For months I’ve been waking up to “Morning Edition” on NPR. It takes a while for my brain to swing ’round to full reality once the alarm starts, so by the time I’m actually standing up, brushing my teeth, I’ve heard all the top news stories for an hour. I usually hear them at least twice; once while I’m still asleep, and then again during my slow, but steady morning routine.

I don’t remember the day I first heard the name Benazir Bhutto or if, at the time, I was making coffee or checking my lipstick in the mirror, but I do remember stopping whatever it was I was doing, and turning up the volume on the radio. I had been caught by the word “She”. The newscaster was talking about a woman, who was a controversial leader in Pakistan. A woman. She had left the country years ago and was returning, during this report. She was received with crowds of cheering people. I remember listening so intensely, etching her name and the brief bits of history from the story into some neuro file, where I hoped it would be safe until I had a chance to find out more.

Since that first morning, in early fall, I have heard her name mentioned at least a handful of times; on “Morning Edition”, during presidential debates, and in blurbs on the evening news, but I never took the time to find out more about her story, or the story of the people she represented in Pakistan. I never formed an opinion about whether or not she was a friend to democracy. Now, Bhutto is buried, less than a week dead, and her name is rolling off tongues all over town. Questions fly nationally and internationally about what her life and now her death (which seems quite clearly to have come by assassination, but is still called a tragic accident by the Pakistani government) means to Pakistan, democracy, and of course American relationships with both.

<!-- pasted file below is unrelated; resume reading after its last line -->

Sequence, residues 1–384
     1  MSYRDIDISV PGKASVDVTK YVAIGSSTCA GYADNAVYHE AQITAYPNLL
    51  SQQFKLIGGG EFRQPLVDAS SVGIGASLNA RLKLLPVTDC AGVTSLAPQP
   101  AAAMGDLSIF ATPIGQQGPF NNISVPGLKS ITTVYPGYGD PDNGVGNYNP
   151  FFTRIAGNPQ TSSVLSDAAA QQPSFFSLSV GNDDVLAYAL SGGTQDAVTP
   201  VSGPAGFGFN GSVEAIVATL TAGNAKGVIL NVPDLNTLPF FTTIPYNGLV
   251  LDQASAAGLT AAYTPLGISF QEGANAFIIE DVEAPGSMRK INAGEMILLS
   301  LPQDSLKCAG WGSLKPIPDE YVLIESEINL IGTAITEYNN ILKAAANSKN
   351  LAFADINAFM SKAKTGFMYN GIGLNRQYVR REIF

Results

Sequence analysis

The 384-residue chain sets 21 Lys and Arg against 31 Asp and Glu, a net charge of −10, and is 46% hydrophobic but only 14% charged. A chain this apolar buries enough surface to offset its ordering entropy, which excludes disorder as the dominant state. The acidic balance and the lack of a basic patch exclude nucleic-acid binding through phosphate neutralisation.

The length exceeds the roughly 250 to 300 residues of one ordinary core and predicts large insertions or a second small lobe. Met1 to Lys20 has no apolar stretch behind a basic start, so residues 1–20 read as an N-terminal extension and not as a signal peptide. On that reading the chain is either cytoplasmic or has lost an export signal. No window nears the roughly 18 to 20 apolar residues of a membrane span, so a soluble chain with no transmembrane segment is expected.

Since last Thursday, when I first heard Bhutto was dead, I’ve read “The Kite Runner”, seen “Charlie Wilson’s War”, and started reading “Three Cups of Tea”. Each sheds light on the contemporary crises facing Afghanistan and Pakistan, and have left me wondering how I could be 26, educated, and have grown up in the era of the most recent political unrest, yet know absolutely nothing about any of it.

I feel irresponsible and arrogant, and in response, I have resolved to obtain at least a base understanding of what has been going on politically, culturally, and religiously in Afghanistan and Pakistan during the last 30 years.

I’m tired of being an American who sees something horrific and inhumane on the evening news, proclaims, “How terrible!” and then promptly gets back to eating my dinner.


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